Frankia Diversity in Host Plant Root Nodules Is Independent of Abundance or Relative Diversity of Frankia Populations in Corresponding Rhizosphere Soils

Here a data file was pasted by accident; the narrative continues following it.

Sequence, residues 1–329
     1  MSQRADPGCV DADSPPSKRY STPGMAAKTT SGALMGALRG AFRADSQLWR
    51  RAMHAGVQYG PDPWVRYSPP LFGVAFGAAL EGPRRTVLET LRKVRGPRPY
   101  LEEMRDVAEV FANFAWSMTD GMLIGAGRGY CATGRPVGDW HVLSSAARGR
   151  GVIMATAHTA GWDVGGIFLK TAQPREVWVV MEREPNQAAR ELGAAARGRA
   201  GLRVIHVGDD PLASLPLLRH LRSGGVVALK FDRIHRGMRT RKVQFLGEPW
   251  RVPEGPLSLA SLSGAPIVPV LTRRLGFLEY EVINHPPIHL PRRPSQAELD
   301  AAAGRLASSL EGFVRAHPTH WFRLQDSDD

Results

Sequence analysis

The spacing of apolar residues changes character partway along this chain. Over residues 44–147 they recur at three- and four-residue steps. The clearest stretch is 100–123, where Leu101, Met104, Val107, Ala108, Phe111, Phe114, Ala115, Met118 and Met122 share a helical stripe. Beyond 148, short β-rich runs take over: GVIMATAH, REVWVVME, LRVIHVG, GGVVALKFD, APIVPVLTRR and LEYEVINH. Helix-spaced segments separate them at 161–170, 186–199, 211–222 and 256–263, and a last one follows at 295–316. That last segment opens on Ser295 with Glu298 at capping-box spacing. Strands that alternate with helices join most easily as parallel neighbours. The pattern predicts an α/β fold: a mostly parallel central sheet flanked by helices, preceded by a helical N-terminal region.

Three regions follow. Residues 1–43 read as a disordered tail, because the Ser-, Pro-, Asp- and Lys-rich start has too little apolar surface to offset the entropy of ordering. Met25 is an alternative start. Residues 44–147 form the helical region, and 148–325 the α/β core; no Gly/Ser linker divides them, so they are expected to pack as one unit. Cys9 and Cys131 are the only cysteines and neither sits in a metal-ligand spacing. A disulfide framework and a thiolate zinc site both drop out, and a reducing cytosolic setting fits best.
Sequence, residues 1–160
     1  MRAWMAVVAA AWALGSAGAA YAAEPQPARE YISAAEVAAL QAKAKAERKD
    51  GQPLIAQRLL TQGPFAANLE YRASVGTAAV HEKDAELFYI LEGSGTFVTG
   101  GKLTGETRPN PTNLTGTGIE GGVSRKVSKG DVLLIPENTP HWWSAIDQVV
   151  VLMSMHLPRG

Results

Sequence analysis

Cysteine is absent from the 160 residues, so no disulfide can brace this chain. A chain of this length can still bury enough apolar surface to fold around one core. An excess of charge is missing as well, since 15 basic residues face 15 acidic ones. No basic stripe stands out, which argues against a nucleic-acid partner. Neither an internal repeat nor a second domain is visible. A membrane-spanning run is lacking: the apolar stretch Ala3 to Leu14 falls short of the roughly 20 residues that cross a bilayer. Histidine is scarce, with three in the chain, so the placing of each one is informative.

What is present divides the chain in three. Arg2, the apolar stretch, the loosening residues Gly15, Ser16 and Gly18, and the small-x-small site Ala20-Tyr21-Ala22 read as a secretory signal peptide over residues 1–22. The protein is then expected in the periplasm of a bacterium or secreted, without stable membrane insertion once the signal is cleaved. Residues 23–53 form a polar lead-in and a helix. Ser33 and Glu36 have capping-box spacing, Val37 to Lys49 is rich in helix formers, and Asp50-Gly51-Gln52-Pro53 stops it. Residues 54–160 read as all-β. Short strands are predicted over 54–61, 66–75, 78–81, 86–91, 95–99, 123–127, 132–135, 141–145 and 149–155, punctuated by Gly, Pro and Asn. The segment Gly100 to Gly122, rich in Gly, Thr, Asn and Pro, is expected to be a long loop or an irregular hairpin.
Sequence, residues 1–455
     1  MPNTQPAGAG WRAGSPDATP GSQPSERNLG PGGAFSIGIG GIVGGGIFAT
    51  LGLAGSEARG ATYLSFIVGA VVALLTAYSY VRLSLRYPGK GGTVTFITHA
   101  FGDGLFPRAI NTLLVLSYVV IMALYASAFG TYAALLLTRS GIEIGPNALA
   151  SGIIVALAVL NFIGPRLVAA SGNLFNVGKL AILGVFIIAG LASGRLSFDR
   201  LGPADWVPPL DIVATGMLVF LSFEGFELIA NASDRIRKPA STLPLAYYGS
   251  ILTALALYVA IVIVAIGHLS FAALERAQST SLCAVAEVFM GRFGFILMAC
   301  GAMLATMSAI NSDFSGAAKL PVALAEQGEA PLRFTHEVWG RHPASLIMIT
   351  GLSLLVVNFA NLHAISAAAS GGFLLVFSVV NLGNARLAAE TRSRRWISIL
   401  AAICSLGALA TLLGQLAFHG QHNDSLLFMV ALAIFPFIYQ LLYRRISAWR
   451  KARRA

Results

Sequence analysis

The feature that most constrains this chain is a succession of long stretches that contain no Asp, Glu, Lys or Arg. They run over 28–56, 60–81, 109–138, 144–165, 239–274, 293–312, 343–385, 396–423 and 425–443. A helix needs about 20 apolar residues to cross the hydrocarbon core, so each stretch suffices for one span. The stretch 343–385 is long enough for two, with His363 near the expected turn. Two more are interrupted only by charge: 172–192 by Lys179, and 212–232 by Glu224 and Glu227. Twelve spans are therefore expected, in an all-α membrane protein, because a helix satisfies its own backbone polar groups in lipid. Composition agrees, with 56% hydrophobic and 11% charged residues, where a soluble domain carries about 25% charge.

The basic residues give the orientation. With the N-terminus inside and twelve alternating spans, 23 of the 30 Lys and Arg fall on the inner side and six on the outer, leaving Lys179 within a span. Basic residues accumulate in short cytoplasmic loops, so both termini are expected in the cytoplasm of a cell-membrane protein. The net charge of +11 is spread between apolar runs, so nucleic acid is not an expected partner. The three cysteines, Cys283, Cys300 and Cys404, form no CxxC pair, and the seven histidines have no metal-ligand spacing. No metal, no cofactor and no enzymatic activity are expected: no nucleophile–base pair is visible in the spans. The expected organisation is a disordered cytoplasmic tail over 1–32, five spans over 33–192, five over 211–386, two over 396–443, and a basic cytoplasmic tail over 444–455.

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Actinorhizal plants form nitrogen-fixing root nodules in symbiosis with soil-dwelling actinobacteria within the genus Frankia, and specific Frankia taxonomic clusters nodulate plants in corresponding host infection groups. In same-soil microcosms, we observed that some host species were nodulated (Alnus glutinosa, Alnus cordata, Shepherdia argentea, Casuarina equisetifolia) while others were not (Alnus viridis, Hippophaë rhamnoides). Nodule populations were represented by eight different sequences of nifH gene fragments. Two of these sequences characterized frankiae in S. argentea nodules, and three others characterized frankiae in A. glutinosa nodules. Frankiae in A. cordata nodules were represented by five sequences, one of which was also found in nodules from A. glutinosa and C. equisetifolia, while another was detected in nodules from A. glutinosa Quantitative PCR assays showed that vegetation generally increased the abundance of frankiae in soil, independently of the target gene (i.e., nifH or the 23S rRNA gene). Targeted Illumina sequencing of Frankia-specific nifH gene fragments detected 24 unique sequences from rhizosphere soils, 4 of which were also found in nodules, while the remaining 4 sequences in nodules were not found in soils. Seven of the 24 sequences from soils represented >90% of the reads obtained in most samples; the 2 most abundant sequences from soils were not found in root nodules, and only 2 of the sequences from soils were detected in nodules. These results demonstrate large differences between detectable Frankia populations in soil and those in root nodules, suggesting that root nodule formation is not a function of the abundance or relative diversity of specific Frankia populations in soils. IMPORTANCE: The nitrogen-fixing actinobacterium Frankia forms root nodules on actinorhizal plants, with members of specific Frankia taxonomic clusters nodulating plants in corresponding host infection groups. We assessed Frankia diversity in root nodules of different host plant species, and we related specific populations to the abundance and relative distribution of indigenous frankiae in rhizosphere soils. Large differences were observed between detectable Frankia populations in soil and those in root nodules, suggesting that root nodule formation is not a function of the abundance or relative diversity of specific Frankia populations in soils but rather results from plants potentially selecting frankiae from the soil for root nodule formation. These data also highlight the necessity of using a combination of different assessment tools so as to adequately address methodological constraints that could produce contradictory data sets.